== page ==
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Stem Cells: Digging Deeper

Now that we've established a baseline understanding of stem cells it's time to dig a bit deeper into this remarkably complicated and controversial topic.

While adult stem cells are used and experimented with widely, it is much simpler to work with embryonic stem cells (ESC). As we will discuss later, the preparation of embryonic stem cells is widely viewed as the destruction of a potential life. Embryo is a tricky term as it generally refers to all the stages of development from fertilization until an ill-defined stage when it is then considered a fetus.

These ESC are collected from a small group of cells in a five day embryo called the inner cell mass, that theoretically, under normal circumstances, would go on to form an entire living organism. This material that they use to extract stem cells is commonly known as a blastocyst.

A blastocyst is a pre-implantation embryo that develops less than a week (5 days) after the fertilization of an egg by a sperm. This blastocyst contains all of the material required to develop a complete human being.

The blastocyst could most easily be visualized as a hollow sphere of cells smaller than the period at the end of this sentence. It's cell mass is composed of 30-34 cells that are considered to be pluripotent due to their ability to differentiate into all of the 200 cell types in the body.

In traditional development the blastocyst would implant itself in the wall of the uterus to become an embryo and continue developing into a fetus.

Scientists intervene in this process by placing these cells into a culture dish with a nutrient rich liquid allowing it to generate embryonic stem cells. This process is known as cell culture, which is generally the growth and maintenance of cells in a controlled environment outside of an organism.

Cell culture is the first step in generating genetically identical cells which is extremely important in providing a long term, reliable supply of multiplying cells for use by scientists in research and development. Unfortunately, this is an extremely difficult process as over time all cultured cell lines naturally begin to develop harmful genetic mutations.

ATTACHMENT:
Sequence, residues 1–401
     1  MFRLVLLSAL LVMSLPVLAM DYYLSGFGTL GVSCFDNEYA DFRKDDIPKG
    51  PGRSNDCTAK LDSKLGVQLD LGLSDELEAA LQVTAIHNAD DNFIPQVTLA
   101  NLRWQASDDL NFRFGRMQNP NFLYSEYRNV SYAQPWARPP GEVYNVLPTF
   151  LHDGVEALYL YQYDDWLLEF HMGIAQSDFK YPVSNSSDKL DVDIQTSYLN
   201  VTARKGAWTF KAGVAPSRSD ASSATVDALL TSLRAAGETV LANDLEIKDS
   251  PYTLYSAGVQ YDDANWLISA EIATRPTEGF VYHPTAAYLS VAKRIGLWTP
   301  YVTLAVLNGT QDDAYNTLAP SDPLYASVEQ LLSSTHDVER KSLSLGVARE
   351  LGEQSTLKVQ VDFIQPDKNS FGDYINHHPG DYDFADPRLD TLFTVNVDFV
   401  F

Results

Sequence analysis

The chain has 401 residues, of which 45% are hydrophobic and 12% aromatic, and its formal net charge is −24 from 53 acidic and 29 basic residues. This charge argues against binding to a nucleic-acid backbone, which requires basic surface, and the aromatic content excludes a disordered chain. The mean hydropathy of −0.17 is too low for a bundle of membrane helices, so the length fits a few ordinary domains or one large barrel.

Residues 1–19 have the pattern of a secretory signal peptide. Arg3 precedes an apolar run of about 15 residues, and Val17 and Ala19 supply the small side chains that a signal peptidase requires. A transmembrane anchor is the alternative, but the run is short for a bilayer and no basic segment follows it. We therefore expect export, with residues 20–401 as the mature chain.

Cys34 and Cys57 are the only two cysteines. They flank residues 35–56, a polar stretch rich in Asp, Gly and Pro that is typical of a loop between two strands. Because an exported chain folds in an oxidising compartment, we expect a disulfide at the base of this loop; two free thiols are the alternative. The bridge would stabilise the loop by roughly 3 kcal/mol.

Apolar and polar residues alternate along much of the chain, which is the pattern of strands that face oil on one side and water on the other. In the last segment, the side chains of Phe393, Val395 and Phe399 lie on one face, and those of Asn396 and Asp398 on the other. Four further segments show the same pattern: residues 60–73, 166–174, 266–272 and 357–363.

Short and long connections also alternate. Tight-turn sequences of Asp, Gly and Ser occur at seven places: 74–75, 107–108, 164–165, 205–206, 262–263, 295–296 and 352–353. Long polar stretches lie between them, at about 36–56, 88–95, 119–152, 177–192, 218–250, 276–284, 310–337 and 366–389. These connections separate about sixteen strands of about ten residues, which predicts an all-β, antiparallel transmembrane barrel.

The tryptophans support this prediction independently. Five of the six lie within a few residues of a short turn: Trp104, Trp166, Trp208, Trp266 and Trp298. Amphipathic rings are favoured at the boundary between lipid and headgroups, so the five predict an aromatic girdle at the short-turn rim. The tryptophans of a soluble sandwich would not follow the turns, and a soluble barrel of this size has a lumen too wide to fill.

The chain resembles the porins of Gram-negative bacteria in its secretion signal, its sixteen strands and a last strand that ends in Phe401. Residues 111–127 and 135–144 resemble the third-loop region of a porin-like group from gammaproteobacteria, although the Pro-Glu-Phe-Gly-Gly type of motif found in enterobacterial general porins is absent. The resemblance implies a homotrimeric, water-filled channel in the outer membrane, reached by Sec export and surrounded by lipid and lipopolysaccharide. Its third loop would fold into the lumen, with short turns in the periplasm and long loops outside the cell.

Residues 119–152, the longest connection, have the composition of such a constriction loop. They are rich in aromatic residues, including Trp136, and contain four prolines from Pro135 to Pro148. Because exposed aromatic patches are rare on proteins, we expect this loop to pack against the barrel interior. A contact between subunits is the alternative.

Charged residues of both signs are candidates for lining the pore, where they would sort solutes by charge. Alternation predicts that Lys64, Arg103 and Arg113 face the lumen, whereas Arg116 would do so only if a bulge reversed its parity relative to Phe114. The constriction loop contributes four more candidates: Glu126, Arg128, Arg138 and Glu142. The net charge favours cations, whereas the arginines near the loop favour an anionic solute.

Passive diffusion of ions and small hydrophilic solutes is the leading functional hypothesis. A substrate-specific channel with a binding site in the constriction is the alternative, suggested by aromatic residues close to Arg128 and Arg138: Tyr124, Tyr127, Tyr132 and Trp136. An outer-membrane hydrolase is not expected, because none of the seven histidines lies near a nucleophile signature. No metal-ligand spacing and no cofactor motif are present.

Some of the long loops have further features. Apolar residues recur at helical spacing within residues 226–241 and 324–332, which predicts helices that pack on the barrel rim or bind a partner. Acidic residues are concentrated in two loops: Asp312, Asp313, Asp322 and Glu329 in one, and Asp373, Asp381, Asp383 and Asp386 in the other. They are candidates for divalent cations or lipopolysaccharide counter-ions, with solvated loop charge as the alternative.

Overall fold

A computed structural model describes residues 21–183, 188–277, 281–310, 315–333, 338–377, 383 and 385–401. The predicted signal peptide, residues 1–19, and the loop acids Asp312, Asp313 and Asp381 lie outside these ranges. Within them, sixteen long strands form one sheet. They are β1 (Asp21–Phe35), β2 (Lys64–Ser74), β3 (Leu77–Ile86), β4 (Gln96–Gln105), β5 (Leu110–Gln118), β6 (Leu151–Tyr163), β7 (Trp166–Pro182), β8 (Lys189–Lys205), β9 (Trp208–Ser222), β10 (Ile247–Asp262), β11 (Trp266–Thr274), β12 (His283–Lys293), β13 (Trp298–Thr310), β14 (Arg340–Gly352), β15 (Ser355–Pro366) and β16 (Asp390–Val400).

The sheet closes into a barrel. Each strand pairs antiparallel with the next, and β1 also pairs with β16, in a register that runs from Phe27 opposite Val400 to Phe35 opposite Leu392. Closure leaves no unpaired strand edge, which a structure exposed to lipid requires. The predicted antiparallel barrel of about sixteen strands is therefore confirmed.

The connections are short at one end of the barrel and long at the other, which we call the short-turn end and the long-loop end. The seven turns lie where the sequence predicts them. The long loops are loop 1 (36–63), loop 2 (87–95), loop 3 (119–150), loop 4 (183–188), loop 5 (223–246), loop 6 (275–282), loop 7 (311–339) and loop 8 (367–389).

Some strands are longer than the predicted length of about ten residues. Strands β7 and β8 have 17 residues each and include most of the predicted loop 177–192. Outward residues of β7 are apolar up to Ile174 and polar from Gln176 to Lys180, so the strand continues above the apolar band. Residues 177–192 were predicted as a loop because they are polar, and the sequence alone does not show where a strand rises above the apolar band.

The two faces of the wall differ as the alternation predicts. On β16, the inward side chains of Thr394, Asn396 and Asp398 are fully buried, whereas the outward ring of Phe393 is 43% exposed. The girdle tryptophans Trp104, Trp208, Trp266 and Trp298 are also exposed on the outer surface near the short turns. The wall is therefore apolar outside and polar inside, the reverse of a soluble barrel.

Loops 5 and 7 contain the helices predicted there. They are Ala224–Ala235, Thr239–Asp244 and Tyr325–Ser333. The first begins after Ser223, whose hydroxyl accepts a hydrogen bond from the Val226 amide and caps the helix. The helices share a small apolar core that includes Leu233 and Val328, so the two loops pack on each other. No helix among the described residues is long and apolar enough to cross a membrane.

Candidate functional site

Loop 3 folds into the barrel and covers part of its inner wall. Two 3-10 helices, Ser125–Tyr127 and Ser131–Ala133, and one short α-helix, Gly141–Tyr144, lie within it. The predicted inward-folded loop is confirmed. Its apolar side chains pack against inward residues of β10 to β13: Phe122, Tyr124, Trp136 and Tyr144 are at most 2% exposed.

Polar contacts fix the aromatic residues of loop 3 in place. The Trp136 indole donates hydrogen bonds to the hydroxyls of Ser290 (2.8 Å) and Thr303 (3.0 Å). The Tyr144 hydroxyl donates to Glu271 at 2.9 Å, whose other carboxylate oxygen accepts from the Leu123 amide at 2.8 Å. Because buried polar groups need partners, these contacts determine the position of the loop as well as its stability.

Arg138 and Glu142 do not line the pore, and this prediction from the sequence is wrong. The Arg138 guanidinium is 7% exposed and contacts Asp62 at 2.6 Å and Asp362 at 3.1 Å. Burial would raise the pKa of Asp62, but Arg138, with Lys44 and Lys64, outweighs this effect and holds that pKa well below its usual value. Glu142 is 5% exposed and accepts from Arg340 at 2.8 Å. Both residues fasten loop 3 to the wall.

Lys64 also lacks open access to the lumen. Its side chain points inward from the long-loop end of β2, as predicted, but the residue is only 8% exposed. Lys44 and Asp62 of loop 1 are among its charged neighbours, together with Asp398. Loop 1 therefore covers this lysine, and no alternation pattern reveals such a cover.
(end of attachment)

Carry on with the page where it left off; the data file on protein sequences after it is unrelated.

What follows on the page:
A common source for the manufacture of blastocyst is In Vitro Fertilization which is used for reproductive purposes. In this process doctors traditionally fertilize all of the donated eggs in order to maximize the probability of producing a viable blastocyst that can then be implanted into the womb. Since not all of the fertilized eggs are implanted, this results in a large bank of excess blastocysts that are currently stored in freezers throughout the country.

Once scientists complete this very complicated first couple of steps and they successfully develop a reliable stem cell line their next step is to begin the various processes that cause stem cells to differentiate into specific cell types.

This is accomplished through many different methods depending upon the intended cell type; however, many of these methods currently require more fine tuning and this portion of the process is still very much in development.

If undifferentiated, or non-specialized, stem cells are introduced into the human body there is a likelihood that they will cause a teratoma tumor. Successfully specialized and semi-specialized cells are unlikely to cause these tumors which makes monitoring this process of the utmost importance.

Generally speaking in modern science, despite all of the efforts going into these many processes, these stem cells are predominantly still being tested in clinical trials or simply being used to understand disease processes and for drug discovery. This is primarily due to two reasons: this is a relatively new and extremely complicated scientific process and there are large numbers of people and special interest groups that completely disagree with stem cell research and try their best to stop it from moving forward.